use BerkeleyDB;
use Time::HiRes qw(gettimeofday);
use strict;

my $filename = '/var/tmp/bdbtest';
my %hash = ();
tie(%hash, 'BerkeleyDB::Hash', { -Filename => $filename, -Flags => DB_CREATE });
$hash{'539'} = "d\t" . join('',@{[gettimeofday]}) . "\tu\thttp://www.sifry.com/alerts";
$hash{'540'} = "d\t" . join('',@{[gettimeofday]}) . "\tu\thttp://epeus.blogspot.com";
$hash{'541'} = "d\t" . join('',@{[gettimeofday]}) . "\tu\thttp://http://joi.ito.com";
Yes, I'm intentionally using plain old strings, not Storable, FreezeThaw or any of that stuff.
To prove that our hash was really persistent, we might do this:

use BerkeleyDB;
use strict;

my $filename = '/var/tmp/bdbtest';
my %hash = ();
tie(%hash, 'BerkeleyDB::Hash', { -Filename => $filename, -Flags => DB_RDONLY });
for my $bid (keys %hash) {
    my %blog = split(/\t/,$hash{$bid});
    print "$bid:\n";
    while(my($k,$v) = each(%blog)) {
        print "\t$k => $v\n";
Which would render output like this:
        u => http://http://joi.ito.com
        d => 1139388034903283
        u => http://www.sifry.com/alerts
        d => 1139388034902888
        u => http://epeus.blogspot.com
        d => 1139388034903227 

Java has no tie operator (that's probably a good thing). But Sleepycat has incorporated a Collections framework that's pretty cool and gets you pretty close to tied hash functionality. Note however that it's not entirely compatible with the interfaces in the Java Collections Framework but if you know those APIs, you'll immediately know the Sleepycat APIs.

com.sleepycat.collections.StoredMap implements java.util.Map with the folloing cavaets:

  1. It doesn't know how big it is, so don't call the size() method unless you want to see a UnsupportedOperationException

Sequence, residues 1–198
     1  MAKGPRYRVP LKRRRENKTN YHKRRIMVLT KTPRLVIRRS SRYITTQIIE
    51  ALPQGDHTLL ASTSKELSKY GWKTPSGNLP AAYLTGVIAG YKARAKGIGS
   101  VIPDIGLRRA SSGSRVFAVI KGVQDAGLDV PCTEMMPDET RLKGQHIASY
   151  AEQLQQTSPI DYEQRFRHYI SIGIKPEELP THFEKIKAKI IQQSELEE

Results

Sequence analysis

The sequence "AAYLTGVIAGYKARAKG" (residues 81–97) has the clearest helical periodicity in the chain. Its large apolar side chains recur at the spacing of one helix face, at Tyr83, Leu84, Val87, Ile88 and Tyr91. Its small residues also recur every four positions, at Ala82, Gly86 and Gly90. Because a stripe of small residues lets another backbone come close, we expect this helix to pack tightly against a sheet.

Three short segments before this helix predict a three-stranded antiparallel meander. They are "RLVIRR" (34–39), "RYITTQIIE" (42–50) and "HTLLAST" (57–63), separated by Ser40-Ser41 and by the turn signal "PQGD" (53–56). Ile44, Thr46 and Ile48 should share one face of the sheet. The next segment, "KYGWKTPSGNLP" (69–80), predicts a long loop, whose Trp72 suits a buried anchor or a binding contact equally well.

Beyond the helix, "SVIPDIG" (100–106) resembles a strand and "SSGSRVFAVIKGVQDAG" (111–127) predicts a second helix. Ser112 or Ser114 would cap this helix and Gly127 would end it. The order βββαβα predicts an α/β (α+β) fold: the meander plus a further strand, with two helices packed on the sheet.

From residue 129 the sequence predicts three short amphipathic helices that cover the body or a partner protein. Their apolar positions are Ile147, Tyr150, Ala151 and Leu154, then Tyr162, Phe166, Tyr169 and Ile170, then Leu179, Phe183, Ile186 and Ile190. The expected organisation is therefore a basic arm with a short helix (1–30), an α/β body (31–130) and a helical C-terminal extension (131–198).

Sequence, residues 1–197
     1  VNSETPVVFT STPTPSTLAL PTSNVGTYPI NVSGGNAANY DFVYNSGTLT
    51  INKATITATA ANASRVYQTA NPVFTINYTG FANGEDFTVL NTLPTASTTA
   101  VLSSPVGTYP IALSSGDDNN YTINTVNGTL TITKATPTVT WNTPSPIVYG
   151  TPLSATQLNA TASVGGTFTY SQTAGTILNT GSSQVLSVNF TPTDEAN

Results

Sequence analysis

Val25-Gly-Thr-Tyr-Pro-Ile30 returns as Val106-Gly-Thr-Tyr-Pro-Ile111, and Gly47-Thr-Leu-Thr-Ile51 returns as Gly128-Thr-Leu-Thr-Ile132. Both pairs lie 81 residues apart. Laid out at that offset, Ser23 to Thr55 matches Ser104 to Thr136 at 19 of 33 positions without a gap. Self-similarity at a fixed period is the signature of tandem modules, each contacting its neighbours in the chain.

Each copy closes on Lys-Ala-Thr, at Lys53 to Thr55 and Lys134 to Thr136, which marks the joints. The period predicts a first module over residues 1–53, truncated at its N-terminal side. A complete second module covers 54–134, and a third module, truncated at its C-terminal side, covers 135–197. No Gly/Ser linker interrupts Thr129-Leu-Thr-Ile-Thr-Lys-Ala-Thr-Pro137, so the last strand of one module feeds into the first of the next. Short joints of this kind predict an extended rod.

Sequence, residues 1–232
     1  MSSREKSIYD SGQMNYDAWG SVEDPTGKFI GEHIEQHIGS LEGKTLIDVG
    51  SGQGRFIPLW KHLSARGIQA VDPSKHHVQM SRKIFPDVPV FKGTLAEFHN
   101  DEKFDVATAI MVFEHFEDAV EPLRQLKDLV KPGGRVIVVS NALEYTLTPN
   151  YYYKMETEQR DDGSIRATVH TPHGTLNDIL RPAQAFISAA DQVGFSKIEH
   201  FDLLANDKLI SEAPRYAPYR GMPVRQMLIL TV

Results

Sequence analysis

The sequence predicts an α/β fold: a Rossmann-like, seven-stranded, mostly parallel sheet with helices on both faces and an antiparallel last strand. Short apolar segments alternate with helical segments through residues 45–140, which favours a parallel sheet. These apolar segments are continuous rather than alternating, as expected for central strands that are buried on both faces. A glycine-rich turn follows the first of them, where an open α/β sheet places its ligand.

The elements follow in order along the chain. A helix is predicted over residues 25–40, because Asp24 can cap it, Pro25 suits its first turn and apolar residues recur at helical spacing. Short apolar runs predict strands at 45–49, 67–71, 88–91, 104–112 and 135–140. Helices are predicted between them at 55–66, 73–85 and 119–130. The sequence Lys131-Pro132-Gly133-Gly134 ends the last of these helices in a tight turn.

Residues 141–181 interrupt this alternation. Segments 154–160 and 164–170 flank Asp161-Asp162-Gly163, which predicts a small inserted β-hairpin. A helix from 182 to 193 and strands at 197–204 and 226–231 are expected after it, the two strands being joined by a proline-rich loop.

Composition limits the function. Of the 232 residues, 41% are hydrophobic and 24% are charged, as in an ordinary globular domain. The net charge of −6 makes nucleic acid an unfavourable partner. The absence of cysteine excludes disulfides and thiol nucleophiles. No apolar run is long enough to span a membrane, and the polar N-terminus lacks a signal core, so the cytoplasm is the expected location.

2. You can't just abandon java.util.Iterators that have been working on a StoredMap, you have to use com.sleepycat.collections.StoredIterator's .close(Iterator) method to tidy up.
But that's no big deal.

So what does the code look like? Well, let's say you wanted to store a bunch of these vanilla beans in the database:

public final class ImmutableBlog implements Serializable {

    private static final long serialVersionUID = -7882532723565612191L;
    private long lastmodified;
    private String url;
    private int id;
    public ImmutableBlog(final int id, final long lastmodified, final String url) {
        this.id = id;
        this.lastmodified = lastmodified;
        this.url = url;
    public int getId() {
        return id;
    public long getLastmodified() {
        return lastmodified;
    public String getUrl() {
        return url;
    public boolean equals(Object o) {
        if (!(o instanceof ImmutableBlog))
            return false;
        if (o == this)
            return true;
        ImmutableBlog other = (ImmutableBlog)o;
        return other.getId() == this.getId() &&
            other.getLastmodified() == this.getLastmodified() &&
    public int hashCode() {
        return (int) (id * 51 + url.hashCode() * 17 + lastmodified * 29);
    public String toString() {
        StringBuffer sb = new StringBuffer(this.getClass().getName());
        return sb.toString();
note that it implements java.io.Serializable
This is a class that knows how to persist ImmutableBlogs and provides a method to fetch the Map: